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(Figs. 51, 52, 53)
Holotype worker: TL 4.4, HL (to external anterior insertions) 0.75, HW (excluding eyes) 0.69 (CI 92), ML (from insertions) 0.17, scape L 0.45, greatest diameter of eye 0.25, WL 1.14, L petiolar node 0.47, W petiolar node 0.46, L postpetiole 0.58, W postpetiole 0.59 mm.
Form of head and body as shown in figs. 51, 52, and 53, except that in dorsal view, the petiolar node is a little more nearly square, i. e. with more nearly straight sides, than as shown in fig. 53. The margin separating the dorsum from the sides of the petiolar node is fine and indistinct, and is best seen in an oblique view from above and to one side.
Mandibular teeth fine, irregular. Mesal genual plates of hind coxae developed as an obtuse-angled lobe on each side.
Dorsal surfaces of head, trunk, petiole, and gaster (except pygidium) very finely and densely punctate, the punctures contiguous on front of head, and very nearly so elsewhere; interspaces or ridges between punctures shining, but so restricted that general surface is opaque to only feebly shining, punctures becoming slightly coarser and a little more widely spaced on lower sides of head, trunk, and gaster (which are therefore more shining), and also on apical gastric segments. Undersides of head and gaster have coarser (but still fine) punctures densely sown on a smooth, shining surface. Mandible, apical half of scapes, forelegs, and mesial surfaces of other legs and pygidium smooth and shining, with sparse punctures. Lateral surfaces of last two pairs of legs and all coxae finely punctate, moderately shining.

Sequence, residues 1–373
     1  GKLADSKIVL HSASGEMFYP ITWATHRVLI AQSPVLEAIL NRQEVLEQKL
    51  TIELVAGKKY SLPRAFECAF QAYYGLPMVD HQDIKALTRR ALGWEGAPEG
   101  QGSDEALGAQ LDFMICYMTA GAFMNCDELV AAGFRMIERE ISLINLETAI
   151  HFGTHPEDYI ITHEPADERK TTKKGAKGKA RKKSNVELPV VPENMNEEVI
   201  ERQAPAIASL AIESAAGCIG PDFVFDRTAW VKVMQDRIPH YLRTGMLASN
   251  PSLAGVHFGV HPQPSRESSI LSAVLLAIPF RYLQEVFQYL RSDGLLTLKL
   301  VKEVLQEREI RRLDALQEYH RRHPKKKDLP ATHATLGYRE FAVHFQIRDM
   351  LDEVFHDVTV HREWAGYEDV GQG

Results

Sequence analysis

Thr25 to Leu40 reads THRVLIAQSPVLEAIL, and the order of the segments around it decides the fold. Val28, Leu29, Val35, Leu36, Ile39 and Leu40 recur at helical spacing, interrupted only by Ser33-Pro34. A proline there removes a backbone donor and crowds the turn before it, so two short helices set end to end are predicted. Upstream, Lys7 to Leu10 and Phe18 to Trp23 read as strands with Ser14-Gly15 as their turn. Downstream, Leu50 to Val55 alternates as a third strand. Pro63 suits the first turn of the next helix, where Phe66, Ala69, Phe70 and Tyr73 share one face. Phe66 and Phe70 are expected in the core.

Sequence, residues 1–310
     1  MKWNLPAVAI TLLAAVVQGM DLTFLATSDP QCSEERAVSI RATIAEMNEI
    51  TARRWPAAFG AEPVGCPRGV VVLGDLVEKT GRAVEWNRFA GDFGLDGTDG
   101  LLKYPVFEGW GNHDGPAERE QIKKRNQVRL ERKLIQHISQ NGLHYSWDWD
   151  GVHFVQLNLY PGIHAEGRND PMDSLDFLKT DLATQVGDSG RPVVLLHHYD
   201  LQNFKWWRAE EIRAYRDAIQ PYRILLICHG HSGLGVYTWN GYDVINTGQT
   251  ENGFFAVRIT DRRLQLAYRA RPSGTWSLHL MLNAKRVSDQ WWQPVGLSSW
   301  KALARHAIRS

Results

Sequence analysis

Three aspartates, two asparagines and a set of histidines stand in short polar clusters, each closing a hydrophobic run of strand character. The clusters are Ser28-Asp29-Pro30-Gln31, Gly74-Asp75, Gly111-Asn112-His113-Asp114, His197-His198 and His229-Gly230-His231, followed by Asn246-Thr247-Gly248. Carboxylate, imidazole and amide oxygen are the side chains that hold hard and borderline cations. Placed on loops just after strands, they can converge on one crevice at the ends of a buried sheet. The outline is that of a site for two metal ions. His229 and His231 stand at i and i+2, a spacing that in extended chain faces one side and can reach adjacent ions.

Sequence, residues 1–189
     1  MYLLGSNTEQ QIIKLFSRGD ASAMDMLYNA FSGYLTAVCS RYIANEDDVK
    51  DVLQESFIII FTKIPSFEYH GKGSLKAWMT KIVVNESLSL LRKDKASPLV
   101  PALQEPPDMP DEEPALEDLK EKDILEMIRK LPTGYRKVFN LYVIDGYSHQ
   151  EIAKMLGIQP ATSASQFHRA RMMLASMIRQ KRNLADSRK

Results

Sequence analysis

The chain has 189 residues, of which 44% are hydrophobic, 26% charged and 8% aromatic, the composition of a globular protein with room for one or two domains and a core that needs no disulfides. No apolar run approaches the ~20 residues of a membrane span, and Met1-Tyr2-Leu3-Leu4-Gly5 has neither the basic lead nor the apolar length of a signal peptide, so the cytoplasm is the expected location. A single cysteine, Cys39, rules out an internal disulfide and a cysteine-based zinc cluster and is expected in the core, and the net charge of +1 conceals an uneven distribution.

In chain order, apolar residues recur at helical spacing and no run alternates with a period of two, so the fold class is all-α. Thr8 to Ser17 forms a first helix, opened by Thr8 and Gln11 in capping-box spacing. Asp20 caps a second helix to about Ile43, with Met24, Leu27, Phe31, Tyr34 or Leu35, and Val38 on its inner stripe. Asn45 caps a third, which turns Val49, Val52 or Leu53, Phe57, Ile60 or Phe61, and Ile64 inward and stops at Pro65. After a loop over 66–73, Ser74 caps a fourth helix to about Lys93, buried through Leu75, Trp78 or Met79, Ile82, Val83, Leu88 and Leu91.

The most densely punctate parts of the body (dorsum of head and trunk, petiole, dorsum of gaster, bases of scapes, outer tibial surfaces of last two pairs of legs) covered with fine, short, dense, appressed whitish pubescence that lends a Platythyrea-like, pruinose appearance to much of the upper body surface. The legs, underside of head and especially of gaster with soft, appressed to decumbent pubescence over most sections normally exposed. Longer (but still modest), fine, standing hairs confined to anterior clypeus, mandibles, antennae (especially funiculi), a very few decumbent ones on the tibiae, and a few underneath and at apex of gaster. Color dark brown (piceous).
Holotype (MCZ) a unique from J. W. Chapman's Camp (about 1100 m elevation) in the Cuernos Mountains, near Dumaguete, Negros Oriental, Philippines, " 5 / 2 / 27, " (Chapman).
The specimen lacks right anterior and middle legs, left hind leg, most or all of tarsi on the remaining middle and hind legs, and the apical half of the left funiculus, but tibial spurs are present on all the remaining legs. This species is very distinctive because of the extreme reduction of the standing pilosity and the pruinose sculpture-pubescence combination of the main body surfaces. It fits best in the group formerly called LioponeraHNS, but it is larger than longitarsusHNS or luzuriagaeHNS and much more densely sculptured than these.
The species described by Wheeler and Chapman as Lioponera bakeriHNS must be similar to pruinosusHNS, judging from the size given (" 4 millimeters ") and the very sketchy description and figure, but the type of bakeriHNS was apparently lost in the destruction of the Bureau of Science in Manila during World War II. The description of bakeriHNS reads in part: " Node of petiole as long as high, from above square, truncated in front, transversely rounded behind, " which fits pruinosusHNS passably well, as does " Densely punctured ... Covered with fine recumbent pile. " But " Hairs suberect, scattered, more abundant on scape and abdomen " apparently refers to a somewhat better developed standing pilosity than pruinosusHNS has. Also, " Head coarsely rugose, finer on the remainder of the body, " does not apply to pruinosusHNS. The bakeriHNS type came from Basilan Island, and we shall probably have to await further samples from there before we find out what this species is really like. Incidentally, the bakeriHNS scapes almost certainly do not reach " to the posterior occipital border; " their fig. 17 shows instead that the authors probably meant to write that the scape reached the posterior border of the eye.